Super Bowl home rentals command top dollar but beware

Super Bowl home rentals command top dollar but beware

<font size=2>All hotel rooms are book for Super Bowl week in Indianapolis. Now landlords and homeowners are renting out their homes. But renters need to be careful before putting down security deposits</font>
GREEN BAY (WFRV) Super Bowl XLVI is just under a month away. But rooms at local inns filled up months ago. Now, apartments, condos and houses are commanding top dollar whether furnished or not. That has Bobbie Mock looking to rent out some vacant apartments she owns near downtown Indianapolis.

"People don't want to come in and sit on floors and sleep on floors. Although maybe they do," she said while laughing.

Those who run listing services for Indianpolis property owners say there is interest in just about anything. Robert Hayes, of Sport Event Rentals says that includes calls from a fair number of Packer fans who browsed the company's website.

"Over the last year, we've had over 3,600 page views from people in Wisconsin to the website," he said.

Rentals can start in the $1500 range. At the top end, some home rentals go for $20,000 a month. Some include fully stocked kitchens and wet bars. But some listings require thousands of dollars in security deposits up front. And one attorney says know what you're paying for and who you're dealing with first.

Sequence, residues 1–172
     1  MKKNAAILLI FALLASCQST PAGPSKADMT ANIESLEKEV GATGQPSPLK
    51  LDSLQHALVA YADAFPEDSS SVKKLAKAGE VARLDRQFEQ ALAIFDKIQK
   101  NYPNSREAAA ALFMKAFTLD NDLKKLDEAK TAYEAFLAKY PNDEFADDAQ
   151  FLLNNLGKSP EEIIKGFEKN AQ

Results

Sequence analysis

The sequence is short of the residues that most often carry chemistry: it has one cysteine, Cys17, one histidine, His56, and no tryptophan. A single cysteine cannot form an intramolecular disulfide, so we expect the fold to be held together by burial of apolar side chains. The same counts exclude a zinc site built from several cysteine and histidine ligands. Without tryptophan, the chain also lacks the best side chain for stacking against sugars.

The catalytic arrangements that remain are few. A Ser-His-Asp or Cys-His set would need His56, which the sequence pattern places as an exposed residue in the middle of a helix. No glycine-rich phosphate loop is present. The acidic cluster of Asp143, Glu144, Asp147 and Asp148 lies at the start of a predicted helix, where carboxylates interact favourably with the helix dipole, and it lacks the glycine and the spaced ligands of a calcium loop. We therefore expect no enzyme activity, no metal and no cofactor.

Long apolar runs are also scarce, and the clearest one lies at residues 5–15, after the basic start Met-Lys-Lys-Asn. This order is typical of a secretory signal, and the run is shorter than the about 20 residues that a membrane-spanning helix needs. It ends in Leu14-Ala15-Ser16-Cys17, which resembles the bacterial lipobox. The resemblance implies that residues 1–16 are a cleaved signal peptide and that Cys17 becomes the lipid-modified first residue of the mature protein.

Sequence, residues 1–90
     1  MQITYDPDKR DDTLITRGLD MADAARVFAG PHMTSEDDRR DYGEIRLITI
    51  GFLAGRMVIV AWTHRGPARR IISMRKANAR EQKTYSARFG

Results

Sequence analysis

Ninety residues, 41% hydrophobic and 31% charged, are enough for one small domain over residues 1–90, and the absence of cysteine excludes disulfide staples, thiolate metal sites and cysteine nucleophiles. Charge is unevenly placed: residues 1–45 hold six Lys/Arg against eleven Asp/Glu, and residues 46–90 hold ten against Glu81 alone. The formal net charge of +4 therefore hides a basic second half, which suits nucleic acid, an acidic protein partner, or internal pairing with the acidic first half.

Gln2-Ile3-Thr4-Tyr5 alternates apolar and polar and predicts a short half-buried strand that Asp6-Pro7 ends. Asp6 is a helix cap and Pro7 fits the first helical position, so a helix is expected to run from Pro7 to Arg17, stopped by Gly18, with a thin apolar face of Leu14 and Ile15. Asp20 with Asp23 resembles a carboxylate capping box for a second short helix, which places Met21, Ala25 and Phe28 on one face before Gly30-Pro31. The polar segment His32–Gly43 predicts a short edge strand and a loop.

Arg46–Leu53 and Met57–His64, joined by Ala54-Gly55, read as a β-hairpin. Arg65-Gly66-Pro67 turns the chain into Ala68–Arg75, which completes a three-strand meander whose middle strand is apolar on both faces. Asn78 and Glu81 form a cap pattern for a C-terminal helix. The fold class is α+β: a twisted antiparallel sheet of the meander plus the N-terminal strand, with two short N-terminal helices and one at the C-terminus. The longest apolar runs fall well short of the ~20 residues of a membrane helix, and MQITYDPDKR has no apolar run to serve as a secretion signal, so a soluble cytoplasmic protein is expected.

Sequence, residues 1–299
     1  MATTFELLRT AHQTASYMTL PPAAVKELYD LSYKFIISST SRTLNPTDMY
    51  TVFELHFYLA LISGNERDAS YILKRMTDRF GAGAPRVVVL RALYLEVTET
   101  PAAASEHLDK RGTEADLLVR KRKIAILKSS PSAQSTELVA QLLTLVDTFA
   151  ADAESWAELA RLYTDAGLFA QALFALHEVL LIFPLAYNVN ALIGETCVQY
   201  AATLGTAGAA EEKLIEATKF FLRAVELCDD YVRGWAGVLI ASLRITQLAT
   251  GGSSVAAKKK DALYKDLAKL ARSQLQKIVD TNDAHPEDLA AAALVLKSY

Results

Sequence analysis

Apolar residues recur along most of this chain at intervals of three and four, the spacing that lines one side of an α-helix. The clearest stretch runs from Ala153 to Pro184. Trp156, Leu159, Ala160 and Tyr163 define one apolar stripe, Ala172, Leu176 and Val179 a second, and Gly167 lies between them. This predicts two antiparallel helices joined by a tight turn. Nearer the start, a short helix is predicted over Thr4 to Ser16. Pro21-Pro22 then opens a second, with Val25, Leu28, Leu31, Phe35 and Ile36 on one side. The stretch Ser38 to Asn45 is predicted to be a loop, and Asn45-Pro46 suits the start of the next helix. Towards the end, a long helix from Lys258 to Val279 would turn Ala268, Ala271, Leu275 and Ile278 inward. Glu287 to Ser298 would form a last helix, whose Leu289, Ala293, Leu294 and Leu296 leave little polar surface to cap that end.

"This is a situation that's absolutely rife with the opportunity for fraud," said Tom Rohan, an attorney for Davis & Kuelthau Attorneys at Law in Green Bay.

To reduce those risks, Rohan advises contacting a real estate agent to make sure the renters contact and address matches property records. Robert Hayes also advises renters to research listings..

"Going to "Google" on your own and double checking on your own, even doing a "Google" search of the people who you're listing through their address," Hayes said.

"The last thing you want to do is get down there and find out that the money you paid is long gone or the property you thought you rented is rented to someone else or doesn't exist," Rohan said.

Channel 5's Terry Kovarik has the story.

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